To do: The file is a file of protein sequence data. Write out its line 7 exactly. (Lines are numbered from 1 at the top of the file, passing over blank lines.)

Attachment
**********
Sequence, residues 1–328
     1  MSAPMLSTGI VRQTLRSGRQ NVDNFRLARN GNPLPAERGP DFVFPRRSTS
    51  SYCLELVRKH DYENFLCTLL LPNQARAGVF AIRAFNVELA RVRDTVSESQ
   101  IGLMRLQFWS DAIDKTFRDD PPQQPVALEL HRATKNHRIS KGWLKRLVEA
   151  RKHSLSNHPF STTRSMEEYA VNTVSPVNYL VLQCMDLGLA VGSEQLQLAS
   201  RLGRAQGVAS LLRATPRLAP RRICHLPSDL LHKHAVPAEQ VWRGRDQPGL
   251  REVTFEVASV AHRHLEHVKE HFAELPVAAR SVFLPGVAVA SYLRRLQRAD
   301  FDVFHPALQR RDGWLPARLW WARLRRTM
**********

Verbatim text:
   251  REVTFEVASV AHRHLEHVKE HFAELPVAAR SVFLPGVAVA SYLRRLQRAD